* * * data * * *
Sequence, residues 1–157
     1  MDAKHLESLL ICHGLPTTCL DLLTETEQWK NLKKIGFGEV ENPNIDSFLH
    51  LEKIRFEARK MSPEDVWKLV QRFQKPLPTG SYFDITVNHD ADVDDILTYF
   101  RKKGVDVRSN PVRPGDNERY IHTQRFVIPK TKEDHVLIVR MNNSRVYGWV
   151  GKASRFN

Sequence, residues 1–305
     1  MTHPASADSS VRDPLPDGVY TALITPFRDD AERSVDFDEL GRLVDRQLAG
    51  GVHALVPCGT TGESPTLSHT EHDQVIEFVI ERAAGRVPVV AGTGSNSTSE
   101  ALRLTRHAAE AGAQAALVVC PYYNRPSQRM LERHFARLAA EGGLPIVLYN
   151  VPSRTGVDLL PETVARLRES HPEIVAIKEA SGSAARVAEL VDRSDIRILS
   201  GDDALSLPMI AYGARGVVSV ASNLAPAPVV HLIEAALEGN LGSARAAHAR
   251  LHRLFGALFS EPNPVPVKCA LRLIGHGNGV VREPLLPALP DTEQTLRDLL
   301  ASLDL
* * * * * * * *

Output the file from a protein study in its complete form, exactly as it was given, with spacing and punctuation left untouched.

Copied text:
Sequence, residues 1–157
     1  MDAKHLESLL ICHGLPTTCL DLLTETEQWK NLKKIGFGEV ENPNIDSFLH
    51  LEKIRFEARK MSPEDVWKLV QRFQKPLPTG SYFDITVNHD ADVDDILTYF
   101  RKKGVDVRSN PVRPGDNERY IHTQRFVIPK TKEDHVLIVR MNNSRVYGWV
   151  GKASRFN

Sequence, residues 1–305
     1  MTHPASADSS VRDPLPDGVY TALITPFRDD AERSVDFDEL GRLVDRQLAG
    51  GVHALVPCGT TGESPTLSHT EHDQVIEFVI ERAAGRVPVV AGTGSNSTSE
   101  ALRLTRHAAE AGAQAALVVC PYYNRPSQRM LERHFARLAA EGGLPIVLYN
   151  VPSRTGVDLL PETVARLRES HPEIVAIKEA SGSAARVAEL VDRSDIRILS
   201  GDDALSLPMI AYGARGVVSV ASNLAPAPVV HLIEAALEGN LGSARAAHAR
   251  LHRLFGALFS EPNPVPVKCA LRLIGHGNGV VREPLLPALP DTEQTLRDLL
   301  ASLDL